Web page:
NFC East Notes: Cowboys, Eagles, Giants



After he finished the year a perfect 10-for-10 on field goals, Cowboys K Kai Forbath appeared to have the lead on the starting job in Dallas in 2020 until the team signed former Rams K Greg Zuerlein. Given Dallas gave Forbath a one-year deal as opposed to a three-year deal for Zuerlein, it’s pretty clear who the frontrunner for the job is. However, Zuerlein doesn’t anticipate it being awkward come training camp. 

“I know Kai from having him come in and working out at the Rams’ facility in the past, and he’s a great guy,” Zuerlein told 103.3 KESN-FM via the Dallas Morning News. “I look forward to being around him, learning from him. And hopefully, we have a good competition. Ideally, I win. I wouldn’t have signed here if I didn’t think I … I mean, you go anywhere and expect to win the job if you have any sort of confidence at all. I just look forward to being around him. I’ve been with other kickers in camp, and there’s never any animosity. Kickers get along very well. You go out, kick, and let the kicking speak for itself. Friendships don’t have to get in the way of a job. The rest is up for the coaches to decide.”

Not only did Dallas bring in Zuerlein, but the Cowboys also hired former Rams ST coordinator John Fassel as a part of a wholesale renovation of its special teams unit that was a major weakness in 2019. Fassel has been one of the top special teams coaches in the NFL for so long he earned the nickname “Bones” from his players. Zuerlein says Dallas scored a major coup by signing him. 

“Oh, we could have a whole hourlong conversation about ‘Bones,'” Zuerlein said. “He’s going to get the guys ready to play. They’ll know what they’re doing. I think the biggest thing that’s really immeasurable is the chemistry he creates by making all the guys buy in. So, everyone is working as a unit. … He makes sure guys aren’t out there on an island by themselves.

“He gets those undrafted guys, players who don’t want to play special teams and think they should be starting, he gets them to believe in themselves and then buy in to what he’s doing. Following what he says, you’ll get opportunities to start. Just looking at what he’s done with so many late draft picks or undrafted guys, he gets them balling out on special teams and when injuries happen those guys get their opportunity. … Then they get paid a lot of money by somebody else or their own team. I’ve watched Fassel do this eight years now and it’s impressive. He’ll continue to do that in Dallas.”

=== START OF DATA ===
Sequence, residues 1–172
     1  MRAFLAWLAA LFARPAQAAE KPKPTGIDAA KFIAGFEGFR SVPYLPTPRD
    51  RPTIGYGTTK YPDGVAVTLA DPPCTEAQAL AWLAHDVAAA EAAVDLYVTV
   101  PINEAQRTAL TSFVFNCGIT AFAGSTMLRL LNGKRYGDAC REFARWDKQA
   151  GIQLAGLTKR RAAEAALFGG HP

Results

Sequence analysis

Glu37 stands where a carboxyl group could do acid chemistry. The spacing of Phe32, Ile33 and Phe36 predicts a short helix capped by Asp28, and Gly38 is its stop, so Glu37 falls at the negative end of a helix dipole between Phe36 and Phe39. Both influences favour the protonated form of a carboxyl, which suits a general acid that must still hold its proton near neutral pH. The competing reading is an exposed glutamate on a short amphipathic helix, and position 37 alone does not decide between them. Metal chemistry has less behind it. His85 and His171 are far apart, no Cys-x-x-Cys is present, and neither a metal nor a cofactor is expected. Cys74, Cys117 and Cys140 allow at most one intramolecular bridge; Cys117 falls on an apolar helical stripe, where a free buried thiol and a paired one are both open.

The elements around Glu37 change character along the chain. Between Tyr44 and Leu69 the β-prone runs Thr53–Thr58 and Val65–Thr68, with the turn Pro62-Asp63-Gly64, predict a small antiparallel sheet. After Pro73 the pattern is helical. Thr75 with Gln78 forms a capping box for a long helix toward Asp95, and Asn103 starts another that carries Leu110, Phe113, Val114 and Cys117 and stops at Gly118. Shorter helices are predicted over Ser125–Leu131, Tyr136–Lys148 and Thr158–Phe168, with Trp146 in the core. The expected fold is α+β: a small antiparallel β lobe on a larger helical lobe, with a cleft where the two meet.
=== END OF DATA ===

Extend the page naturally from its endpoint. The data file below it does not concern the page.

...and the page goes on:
• Per NFL Media’s Ian Rapoport, free-agent RB LeSean McCoy said “it would mean a lot to be back” with the Eagles: “It’s not a secret, everybody knows it was special for me there when I was playing with the Eagles.”


  • Per’s Matt Lombardo, Giants GM Dave Gettleman said he thought it was “more prudent” to put the franchise tag on DL Leonard Williams rather than the transition tag. 
  • The transition tag would have given New York the right of first refusal if another team had offered Williams a deal but no draft compensation if they let him walk, which indicates the Giants thought Williams would command a decent market from other teams. 
  • As it is, multiple NFL agents say the $16.12 million franchise tag number for Williams currently sets the floor for long-term negotiations: “Pass rushers always get the big-time money in the NFL. If I were his agent, I’d shoot for the moon, but I think the franchise tag price is actually pretty fair. He’d likely get mid-teens [millions].”
  • While one agent said they didn’t think the Giants would go over $15 million for Williams, who had 0.5 sacks in eight games after being traded in 2019, other pointed to 49ers DL Arik Armstead and Falcons DT Grady Jarrett getting $17 million per year as what Williams’ agent could ask for in negotiations. 
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